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This allergy season could be worse than those of past years in the U.S., heavy snow and rain in many places, followed by a sudden shift to warm weather, have led to a profusion of tree pollen and mold.
A new study in the Proceedings of the National Academy of Sciences shows a link between warming temperatures and a longer ragweed pollen season. According to researchers led by Lewis Ziska of the U.S. Department of Agriculture, the ragweed season is now 27 days longer in the northernmost areas of North America, largely because winter starts later and ends earlier, extending the time for pollen-bearing plants to thrive. It's not the first piece of research to make the claim that global warming will worsen allergies, but it's the most detailed and it's peer-reviewed.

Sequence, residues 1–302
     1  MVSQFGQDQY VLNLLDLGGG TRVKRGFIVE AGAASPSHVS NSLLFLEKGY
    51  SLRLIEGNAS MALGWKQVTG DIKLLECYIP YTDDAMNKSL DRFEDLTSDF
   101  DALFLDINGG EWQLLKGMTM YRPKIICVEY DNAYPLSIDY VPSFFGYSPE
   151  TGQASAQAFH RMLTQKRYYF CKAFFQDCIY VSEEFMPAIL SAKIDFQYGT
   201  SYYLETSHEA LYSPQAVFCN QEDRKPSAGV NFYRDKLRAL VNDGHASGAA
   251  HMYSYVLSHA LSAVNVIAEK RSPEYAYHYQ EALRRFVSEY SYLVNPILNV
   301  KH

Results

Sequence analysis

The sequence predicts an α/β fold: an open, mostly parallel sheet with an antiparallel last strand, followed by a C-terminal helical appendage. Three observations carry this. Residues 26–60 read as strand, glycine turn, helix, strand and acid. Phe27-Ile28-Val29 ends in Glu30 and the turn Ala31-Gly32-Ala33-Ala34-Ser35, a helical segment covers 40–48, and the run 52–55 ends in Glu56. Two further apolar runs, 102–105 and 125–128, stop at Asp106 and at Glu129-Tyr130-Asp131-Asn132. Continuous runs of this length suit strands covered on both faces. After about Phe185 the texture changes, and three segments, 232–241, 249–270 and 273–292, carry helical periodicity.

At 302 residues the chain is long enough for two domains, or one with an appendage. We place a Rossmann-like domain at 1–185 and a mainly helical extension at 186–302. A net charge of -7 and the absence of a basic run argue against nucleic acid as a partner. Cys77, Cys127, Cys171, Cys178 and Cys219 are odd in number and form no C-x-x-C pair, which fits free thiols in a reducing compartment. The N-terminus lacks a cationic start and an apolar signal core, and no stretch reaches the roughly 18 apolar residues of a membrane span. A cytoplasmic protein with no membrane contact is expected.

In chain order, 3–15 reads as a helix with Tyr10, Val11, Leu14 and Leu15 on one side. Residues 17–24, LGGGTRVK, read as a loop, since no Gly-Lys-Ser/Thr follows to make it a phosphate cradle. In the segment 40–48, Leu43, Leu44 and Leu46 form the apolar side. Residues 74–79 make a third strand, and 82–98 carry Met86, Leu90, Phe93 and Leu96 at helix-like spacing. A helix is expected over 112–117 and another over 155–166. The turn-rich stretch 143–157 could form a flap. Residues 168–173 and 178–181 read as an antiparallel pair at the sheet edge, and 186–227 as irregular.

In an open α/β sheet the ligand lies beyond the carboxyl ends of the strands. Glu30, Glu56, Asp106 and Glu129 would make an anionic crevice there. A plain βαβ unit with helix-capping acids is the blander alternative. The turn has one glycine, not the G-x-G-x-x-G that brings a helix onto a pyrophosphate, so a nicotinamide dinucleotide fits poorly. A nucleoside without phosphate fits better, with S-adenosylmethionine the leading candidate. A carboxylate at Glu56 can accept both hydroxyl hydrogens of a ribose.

In general, allergy seasons have been getting longer and more challenging, although pollen counts and allergy attacks vary widely from region to region.